Five Cuban Players Defect After Nations League Match With Canada

In the last 17 years, 44 Cuban soccer players have defected.

Cuba’s national team left Toronto on Saturday having not only lost its opening Nations League match to Canada 6-0, but having lost five of its players permanently.

Reports indicate five players from Cuba’s national team defected in Toronto at some point before or after their match with Canada. Forwards Orlando Benitez and David Urgelles defected before the match while Yordan Santa Cruz, Alejandro Portal and Andy Baquero all defected after the match.

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Cuban athletes have a long history of defecting from their country, and while baseball has the most defectors (around 150 per year), soccer has racked up a significant amount as well, with 44 players defecting from Cuba in the past 17 years, including captain Yasmani López during this summer's Gold Cup.

What is a defector?

A defector is a person who gives up their allegiance to one country in exchange for allegiance to another in a way that the first state considers to be illegal.

Why do athletes defect from Cuba?

For the most part, opportunity. The potential earnings for these players is far greater outside of Cuba than it is inside of it.

In the past, Cuban athletes were forbidden from playing abroad, as the Cuban government feared that if players were allowed to play outside of the country, all of their best althetes whould opt to play abroad and potentially even defect while playing abroad. Now, athletes are slowly being allowed to play outside of the country, with Cuban baseball players having even been allowed to join Major League Baseball as long as they were older than 25 and played in the Cuban league for six years (until President Trump ended the arrangement earlier this year).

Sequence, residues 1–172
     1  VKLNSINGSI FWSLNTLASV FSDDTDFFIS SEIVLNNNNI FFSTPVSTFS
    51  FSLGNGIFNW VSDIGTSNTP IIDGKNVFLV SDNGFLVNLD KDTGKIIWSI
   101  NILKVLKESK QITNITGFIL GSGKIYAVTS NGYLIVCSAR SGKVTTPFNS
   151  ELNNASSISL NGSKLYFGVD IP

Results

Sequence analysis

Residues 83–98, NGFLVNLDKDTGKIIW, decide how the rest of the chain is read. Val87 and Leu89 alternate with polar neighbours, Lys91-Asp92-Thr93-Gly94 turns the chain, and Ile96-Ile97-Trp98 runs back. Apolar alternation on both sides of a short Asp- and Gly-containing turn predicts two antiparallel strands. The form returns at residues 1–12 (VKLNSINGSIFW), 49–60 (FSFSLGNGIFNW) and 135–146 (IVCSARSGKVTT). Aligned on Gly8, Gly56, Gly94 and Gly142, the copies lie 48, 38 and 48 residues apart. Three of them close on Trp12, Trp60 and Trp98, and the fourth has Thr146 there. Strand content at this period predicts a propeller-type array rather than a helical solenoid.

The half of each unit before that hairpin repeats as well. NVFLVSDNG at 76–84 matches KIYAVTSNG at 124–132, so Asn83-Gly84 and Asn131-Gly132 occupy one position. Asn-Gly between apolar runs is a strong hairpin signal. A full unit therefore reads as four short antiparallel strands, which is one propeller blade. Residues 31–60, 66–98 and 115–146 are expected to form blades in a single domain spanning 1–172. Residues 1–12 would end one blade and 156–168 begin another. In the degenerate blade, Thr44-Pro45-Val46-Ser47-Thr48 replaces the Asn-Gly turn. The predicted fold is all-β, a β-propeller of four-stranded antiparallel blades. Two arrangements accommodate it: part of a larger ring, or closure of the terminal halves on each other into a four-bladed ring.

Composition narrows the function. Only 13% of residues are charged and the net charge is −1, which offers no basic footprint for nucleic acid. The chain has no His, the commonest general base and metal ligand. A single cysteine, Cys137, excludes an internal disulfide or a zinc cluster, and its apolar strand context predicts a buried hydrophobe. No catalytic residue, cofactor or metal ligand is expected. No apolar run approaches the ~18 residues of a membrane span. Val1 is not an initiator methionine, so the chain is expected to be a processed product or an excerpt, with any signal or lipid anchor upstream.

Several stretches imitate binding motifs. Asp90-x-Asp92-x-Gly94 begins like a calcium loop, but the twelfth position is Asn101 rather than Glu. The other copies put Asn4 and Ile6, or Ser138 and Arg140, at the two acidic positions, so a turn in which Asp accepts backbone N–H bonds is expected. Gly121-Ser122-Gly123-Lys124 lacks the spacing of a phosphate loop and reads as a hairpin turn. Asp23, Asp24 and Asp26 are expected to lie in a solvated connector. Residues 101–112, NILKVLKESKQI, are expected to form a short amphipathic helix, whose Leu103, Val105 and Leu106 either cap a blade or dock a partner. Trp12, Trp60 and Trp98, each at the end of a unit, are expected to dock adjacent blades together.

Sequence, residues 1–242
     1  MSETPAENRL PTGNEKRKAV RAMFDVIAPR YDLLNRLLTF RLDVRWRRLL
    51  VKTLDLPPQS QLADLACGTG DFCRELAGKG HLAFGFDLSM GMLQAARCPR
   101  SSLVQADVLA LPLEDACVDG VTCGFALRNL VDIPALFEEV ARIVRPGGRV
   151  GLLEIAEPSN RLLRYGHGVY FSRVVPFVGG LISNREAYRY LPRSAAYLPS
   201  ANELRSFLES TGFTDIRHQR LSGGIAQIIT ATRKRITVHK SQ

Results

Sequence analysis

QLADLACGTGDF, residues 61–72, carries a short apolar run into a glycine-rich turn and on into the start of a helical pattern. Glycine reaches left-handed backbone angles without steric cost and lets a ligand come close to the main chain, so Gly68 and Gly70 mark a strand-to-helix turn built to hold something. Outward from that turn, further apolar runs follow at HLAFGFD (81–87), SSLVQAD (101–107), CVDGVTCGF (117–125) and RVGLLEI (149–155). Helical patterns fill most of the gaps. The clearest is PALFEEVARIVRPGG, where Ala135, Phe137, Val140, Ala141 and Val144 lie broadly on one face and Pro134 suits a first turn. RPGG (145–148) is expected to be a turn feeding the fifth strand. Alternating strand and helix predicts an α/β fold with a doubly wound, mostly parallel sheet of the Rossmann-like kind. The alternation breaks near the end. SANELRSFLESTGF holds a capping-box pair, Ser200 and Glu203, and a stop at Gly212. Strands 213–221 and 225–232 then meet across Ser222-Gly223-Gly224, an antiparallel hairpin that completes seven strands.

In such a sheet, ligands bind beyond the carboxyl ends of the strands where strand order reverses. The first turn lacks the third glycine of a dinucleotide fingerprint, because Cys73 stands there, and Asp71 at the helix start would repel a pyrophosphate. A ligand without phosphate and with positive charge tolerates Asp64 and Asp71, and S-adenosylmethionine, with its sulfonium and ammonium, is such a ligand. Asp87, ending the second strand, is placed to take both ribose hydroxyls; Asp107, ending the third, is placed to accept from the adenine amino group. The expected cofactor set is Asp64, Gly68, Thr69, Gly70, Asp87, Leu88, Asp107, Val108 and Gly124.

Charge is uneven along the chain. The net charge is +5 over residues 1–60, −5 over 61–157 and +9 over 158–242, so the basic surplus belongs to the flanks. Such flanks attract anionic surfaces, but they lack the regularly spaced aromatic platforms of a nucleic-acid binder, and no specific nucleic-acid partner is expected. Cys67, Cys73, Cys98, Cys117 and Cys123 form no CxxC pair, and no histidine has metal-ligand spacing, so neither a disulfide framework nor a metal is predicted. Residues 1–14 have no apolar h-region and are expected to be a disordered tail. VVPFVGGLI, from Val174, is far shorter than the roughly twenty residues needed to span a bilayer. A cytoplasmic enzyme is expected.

Despite the change, many Cuban athletes are still defecting because one of the stipulations of playing abroad is giving a percentage of your earnings to the Cuban government. Players like Yordan Santa Cruz, who plays for Jarabacoa in the Dominican Republic, likely left to maximize his earning potential abroad.

That being said, its not always that simple. Some players leave Cuba because they have family that has already defected, like Montreal Impact defender Jorge Corrales, and others leave because they are seeking protection from the Cuban government.

Cuba has never been a soccer powerhouse, but there are certainly a few players who have made their mark over the years, the most notable of which is Minnesota United midfielder Osvaldo Alonso, who defected after the Gold Cup in 2007. Alonso went on to anchor the Seattle Sounders midfield for the next decade, becoming a four-time MLS All-Star and leading Seattle to an MLS Supporters Shield, an MLS Cup title and four U.S. Open Cups during his time there.

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Losing defector Yordan Santa Cruz will be the biggest blow for the Cuban national team, as he was arguably the most talented player on the squad currently. The defections wil also hurt Cuba’s chances of avoiding relegation in the Nations League, and those chances were already slim having been placed in a group with the United States and Canada. Cuba went on to lose again to Canada on Tuesday 1-0 thanks to a volleyed goal from Bayern wunderkind Alphonso Davies.

The island nation will continue its Concacaf campaign in October, when it will head to D.C. to face the United States.

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